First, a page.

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The ultimate in crossover content, as eSports gets a dedicated broadcast channel on Pay TV

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In a great example of how the youth video subculture currently found online could become part of traditional TV, ESL is launching an eSports channel that will appear first on the Viasat satellite Pay TV platform in the Nordic and Baltic countries, then later on other platforms. ESL is owned by the broadcast group MTG, which also owns Viasat. It is the world’s largest eSports company. While some ESL events have appeared on television before (Sky in the UK showed the Intel Extreme Masters event from Katowice earlier this year on Sky 2), this takes television eSports to a whole new level with a dedicated 24/7 broadcast channel.

eSportsTV will be added to the Viasat subscription bundle at no extra cost. There are currently no plans for pay-per-view coverage. ESL is talking to other TV distributors worldwide with the aim of making the channel available as widely as possible.

The new channel will broadcast 2,000 hours of live content a year, covering the best eSports and gaming and featuring the leading eSports stars and teams. This includes coverage of professional eSports leagues and international tournaments, and championships like ESL One, Intel Extreme Masters, ESL Pro League and DreamHack (DreamHack Summer and DreamHack Winter in Sweden are among the world’s largest digital festivals).

DreamHack is also owned by MTG. ESL and DreamHack already have global digital audiences of over 100 million viewers through online platforms such as Twitch, Azubu, Hitbox and Yahoo. Their eSports fans are mainly in the 15-35 age group, although there are older fans too.

There will be no advertising on eSportsTV initially, although channel sponsorship is possible. Turtle Entertainment, the company behind ESL, is in charge of commercial activities for eSportsTV.

“This is a fantastic move by ESL because it will bring eSports to an even broader global audience,” Arnd Benninghoff, CEO of MTGx and Peter Nørrelund, CEO of MTG Sport declared in a joint statement. “eSports is a global sport played all year round so there is so much content to share.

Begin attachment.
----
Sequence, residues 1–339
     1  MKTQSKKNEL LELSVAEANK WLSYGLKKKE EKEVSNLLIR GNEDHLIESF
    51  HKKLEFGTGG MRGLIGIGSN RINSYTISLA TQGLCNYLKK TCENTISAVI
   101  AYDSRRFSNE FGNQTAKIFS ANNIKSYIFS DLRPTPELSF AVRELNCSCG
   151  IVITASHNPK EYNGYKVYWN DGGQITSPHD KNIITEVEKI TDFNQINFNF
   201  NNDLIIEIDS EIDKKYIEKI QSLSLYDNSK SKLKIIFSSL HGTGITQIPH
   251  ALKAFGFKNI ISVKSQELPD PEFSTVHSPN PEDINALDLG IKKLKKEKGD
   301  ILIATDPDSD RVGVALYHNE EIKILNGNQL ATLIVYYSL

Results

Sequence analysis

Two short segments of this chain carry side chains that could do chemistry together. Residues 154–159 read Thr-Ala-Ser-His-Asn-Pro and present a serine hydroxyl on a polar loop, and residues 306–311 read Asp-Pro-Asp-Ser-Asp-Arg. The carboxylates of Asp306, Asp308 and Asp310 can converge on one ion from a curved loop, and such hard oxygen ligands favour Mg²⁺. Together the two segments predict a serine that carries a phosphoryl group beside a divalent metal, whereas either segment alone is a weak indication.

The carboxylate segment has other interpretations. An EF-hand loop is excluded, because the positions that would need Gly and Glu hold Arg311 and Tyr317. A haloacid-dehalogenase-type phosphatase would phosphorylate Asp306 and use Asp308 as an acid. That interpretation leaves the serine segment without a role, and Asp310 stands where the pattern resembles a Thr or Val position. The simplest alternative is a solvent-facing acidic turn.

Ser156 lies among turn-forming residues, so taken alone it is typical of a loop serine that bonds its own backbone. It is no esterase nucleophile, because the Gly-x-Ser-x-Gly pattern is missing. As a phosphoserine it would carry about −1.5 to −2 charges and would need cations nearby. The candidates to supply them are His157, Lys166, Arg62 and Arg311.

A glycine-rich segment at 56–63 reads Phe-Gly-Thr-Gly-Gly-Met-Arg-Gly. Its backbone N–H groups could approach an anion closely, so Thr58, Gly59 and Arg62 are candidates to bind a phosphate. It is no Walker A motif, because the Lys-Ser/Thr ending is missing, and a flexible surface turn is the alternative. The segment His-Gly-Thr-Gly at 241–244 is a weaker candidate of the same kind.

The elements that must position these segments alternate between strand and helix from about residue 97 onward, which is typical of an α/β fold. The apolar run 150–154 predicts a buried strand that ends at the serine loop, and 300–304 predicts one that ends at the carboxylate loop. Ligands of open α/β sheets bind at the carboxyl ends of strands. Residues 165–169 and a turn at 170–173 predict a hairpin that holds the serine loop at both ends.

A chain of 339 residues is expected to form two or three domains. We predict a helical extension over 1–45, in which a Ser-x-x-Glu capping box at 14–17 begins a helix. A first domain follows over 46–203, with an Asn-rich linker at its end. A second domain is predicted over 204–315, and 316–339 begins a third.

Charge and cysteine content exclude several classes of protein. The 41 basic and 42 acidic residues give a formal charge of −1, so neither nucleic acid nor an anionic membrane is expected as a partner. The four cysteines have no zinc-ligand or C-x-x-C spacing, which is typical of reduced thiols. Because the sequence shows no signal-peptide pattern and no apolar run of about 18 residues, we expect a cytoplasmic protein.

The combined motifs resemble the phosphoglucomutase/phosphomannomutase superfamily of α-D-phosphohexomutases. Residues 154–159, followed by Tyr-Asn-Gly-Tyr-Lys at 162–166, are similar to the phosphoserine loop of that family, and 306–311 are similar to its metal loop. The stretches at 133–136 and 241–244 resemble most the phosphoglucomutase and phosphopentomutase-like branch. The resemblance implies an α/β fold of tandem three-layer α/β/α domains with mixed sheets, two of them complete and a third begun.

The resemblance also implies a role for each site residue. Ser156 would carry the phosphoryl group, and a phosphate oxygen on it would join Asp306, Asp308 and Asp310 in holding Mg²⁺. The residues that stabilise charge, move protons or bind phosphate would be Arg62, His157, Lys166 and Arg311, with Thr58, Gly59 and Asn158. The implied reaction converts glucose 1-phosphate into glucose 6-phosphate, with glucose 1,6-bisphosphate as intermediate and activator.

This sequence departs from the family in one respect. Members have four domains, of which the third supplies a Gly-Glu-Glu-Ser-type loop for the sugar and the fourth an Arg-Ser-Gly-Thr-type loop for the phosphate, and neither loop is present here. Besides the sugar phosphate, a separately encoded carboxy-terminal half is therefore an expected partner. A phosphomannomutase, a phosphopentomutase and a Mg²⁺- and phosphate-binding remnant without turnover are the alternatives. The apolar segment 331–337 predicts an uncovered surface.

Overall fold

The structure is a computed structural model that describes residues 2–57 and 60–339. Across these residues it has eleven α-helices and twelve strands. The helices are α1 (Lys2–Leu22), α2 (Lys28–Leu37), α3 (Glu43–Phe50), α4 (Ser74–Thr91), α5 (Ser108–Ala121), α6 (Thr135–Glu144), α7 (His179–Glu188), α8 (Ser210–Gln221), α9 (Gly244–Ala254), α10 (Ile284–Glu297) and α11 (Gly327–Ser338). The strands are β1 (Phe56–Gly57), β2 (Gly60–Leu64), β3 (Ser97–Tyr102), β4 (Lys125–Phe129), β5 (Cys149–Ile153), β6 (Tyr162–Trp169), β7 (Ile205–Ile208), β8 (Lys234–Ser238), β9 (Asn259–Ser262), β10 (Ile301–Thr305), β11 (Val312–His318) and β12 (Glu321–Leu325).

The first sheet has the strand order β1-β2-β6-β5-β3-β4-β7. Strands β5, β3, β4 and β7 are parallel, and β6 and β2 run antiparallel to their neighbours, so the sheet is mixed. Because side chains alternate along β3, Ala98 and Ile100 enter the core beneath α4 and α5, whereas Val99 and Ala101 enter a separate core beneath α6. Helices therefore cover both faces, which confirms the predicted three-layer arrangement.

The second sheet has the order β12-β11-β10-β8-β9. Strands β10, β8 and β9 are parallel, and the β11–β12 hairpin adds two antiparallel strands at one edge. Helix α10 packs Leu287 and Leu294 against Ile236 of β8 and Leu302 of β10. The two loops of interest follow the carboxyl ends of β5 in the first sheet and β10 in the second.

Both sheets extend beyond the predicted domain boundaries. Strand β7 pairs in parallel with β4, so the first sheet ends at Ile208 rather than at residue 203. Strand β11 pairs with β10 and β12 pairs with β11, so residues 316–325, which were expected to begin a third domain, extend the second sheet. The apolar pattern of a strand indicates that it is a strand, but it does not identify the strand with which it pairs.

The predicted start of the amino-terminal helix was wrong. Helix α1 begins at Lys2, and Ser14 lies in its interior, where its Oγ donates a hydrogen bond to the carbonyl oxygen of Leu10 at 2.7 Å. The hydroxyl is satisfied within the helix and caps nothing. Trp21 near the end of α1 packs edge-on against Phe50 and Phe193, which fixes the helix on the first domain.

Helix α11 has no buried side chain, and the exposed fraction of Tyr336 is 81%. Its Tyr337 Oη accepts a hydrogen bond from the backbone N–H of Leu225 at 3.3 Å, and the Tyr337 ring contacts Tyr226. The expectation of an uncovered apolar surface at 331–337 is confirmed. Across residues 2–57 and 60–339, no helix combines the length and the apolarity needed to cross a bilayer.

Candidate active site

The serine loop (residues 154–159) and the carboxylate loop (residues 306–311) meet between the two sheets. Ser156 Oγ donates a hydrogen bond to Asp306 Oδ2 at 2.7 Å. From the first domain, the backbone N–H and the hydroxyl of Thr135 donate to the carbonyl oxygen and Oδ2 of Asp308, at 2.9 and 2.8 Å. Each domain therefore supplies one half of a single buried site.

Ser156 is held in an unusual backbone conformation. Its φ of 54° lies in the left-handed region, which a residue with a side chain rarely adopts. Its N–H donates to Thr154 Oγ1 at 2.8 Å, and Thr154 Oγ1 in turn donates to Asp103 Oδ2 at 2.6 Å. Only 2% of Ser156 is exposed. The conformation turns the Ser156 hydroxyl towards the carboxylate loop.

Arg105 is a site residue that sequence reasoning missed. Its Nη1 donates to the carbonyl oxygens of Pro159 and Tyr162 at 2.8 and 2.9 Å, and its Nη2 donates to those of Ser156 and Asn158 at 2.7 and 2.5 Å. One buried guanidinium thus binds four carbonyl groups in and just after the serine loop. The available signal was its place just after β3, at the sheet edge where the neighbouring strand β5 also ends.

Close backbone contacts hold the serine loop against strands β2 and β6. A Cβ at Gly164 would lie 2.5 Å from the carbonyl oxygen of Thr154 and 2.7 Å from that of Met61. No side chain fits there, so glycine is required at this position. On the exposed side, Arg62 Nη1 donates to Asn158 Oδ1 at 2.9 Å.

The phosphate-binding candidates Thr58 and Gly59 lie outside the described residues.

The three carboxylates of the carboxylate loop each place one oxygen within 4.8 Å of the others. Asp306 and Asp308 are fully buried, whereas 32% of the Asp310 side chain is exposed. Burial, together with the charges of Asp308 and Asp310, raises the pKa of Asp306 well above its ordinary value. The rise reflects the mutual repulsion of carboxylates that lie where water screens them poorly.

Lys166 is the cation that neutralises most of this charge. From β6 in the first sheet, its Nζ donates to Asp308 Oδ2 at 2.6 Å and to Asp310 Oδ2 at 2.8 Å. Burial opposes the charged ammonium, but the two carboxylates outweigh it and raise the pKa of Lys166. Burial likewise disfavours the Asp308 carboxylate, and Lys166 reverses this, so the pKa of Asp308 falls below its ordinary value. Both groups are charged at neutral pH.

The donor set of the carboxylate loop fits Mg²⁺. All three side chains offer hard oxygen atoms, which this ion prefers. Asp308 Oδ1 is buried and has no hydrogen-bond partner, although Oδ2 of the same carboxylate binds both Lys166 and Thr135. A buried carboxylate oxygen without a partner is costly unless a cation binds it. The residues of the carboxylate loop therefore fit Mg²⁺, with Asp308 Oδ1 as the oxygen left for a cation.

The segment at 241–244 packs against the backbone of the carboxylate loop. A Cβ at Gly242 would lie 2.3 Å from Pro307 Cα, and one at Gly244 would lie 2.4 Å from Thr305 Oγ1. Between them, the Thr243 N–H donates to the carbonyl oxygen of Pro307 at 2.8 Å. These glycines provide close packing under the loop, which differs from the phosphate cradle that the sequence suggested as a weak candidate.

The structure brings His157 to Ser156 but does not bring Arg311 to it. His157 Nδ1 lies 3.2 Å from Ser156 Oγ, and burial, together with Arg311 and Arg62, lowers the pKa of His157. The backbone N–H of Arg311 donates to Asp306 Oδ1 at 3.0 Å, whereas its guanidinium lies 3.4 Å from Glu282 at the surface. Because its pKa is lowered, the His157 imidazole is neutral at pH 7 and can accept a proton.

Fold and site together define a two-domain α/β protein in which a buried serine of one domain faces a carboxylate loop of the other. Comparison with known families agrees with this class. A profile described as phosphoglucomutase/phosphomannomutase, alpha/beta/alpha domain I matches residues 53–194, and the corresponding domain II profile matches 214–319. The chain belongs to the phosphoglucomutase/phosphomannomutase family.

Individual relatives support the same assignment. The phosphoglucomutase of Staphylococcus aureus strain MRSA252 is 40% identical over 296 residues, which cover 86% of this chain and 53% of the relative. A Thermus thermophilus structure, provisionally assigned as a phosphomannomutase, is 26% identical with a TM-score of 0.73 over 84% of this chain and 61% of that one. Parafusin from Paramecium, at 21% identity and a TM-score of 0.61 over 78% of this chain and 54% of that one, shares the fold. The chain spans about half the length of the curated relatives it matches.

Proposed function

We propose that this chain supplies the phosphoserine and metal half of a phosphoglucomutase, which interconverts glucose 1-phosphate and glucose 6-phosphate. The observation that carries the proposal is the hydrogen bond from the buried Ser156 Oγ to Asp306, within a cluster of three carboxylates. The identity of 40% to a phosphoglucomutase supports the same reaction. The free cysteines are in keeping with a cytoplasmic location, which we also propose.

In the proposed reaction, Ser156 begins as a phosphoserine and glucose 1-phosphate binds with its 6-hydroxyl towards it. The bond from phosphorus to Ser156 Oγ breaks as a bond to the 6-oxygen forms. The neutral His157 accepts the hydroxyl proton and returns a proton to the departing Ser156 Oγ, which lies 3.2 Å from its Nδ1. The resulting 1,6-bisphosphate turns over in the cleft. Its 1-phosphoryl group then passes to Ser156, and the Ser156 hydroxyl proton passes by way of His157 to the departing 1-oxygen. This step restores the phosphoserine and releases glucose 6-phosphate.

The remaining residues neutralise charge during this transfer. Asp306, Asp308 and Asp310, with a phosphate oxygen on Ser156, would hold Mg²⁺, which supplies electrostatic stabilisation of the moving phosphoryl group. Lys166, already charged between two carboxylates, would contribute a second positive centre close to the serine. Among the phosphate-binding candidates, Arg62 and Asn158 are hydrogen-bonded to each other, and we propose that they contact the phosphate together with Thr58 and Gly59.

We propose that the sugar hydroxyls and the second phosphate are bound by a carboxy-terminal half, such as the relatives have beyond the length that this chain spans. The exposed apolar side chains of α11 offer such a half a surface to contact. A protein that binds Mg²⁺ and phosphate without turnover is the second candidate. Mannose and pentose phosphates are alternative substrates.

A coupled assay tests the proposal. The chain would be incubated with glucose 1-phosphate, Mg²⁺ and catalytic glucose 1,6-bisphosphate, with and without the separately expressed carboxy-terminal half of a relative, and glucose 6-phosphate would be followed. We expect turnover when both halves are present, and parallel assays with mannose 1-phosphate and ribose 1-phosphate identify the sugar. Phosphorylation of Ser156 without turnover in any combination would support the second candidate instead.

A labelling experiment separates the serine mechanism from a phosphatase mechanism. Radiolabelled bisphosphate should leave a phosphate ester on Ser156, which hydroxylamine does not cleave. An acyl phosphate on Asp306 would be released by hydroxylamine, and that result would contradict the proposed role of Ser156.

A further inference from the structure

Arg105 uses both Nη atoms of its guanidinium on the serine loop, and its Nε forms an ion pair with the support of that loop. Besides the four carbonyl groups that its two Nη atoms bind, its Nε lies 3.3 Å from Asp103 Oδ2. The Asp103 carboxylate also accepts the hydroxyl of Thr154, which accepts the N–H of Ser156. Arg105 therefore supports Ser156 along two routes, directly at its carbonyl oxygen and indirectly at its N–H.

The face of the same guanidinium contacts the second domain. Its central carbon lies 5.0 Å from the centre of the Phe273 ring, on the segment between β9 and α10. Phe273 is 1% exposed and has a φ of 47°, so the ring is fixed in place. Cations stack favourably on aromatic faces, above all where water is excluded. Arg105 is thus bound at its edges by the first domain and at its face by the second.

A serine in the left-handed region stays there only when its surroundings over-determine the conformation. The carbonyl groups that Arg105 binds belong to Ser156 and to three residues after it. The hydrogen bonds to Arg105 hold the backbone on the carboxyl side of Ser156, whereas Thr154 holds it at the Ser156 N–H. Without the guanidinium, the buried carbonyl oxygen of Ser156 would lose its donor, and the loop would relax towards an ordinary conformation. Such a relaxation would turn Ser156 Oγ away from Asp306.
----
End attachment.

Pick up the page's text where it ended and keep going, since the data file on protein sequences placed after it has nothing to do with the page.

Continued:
“This channel is all about building awareness and growing the gaming community and fan base. There are over 2 billion gamers in the world and we have seen an explosion of interest in eSports, with the global fan base now rapidly rising towards 250 million, which is why we want to make more and more eSports content available on as many screens as possible.”

Editor’s comment

One of the important questions for the television industry is how it stays relevant to younger consumers. We already have the multiscreen viewing and the on-demand formats that they like. This is another solution – digital-first content that grew out of their generation migrating to aggregated traditional TV platforms. Some of that content is going to be delivered OTT into hybrid set-top boxes. This deal is notable because the channel is on broadcast spectrum – making it the ultimate in ‘crossover’ content.

According to Newzoo, a market intelligence firm specialising in games across all segments and screens, Males aged 21-35 make up the majority of eSports enthusiasts in the US (43%) and Western Europe (45%). It should be emphasized that ESL and MTG hope to build awareness among new audiences with the new broadcast channel, too.

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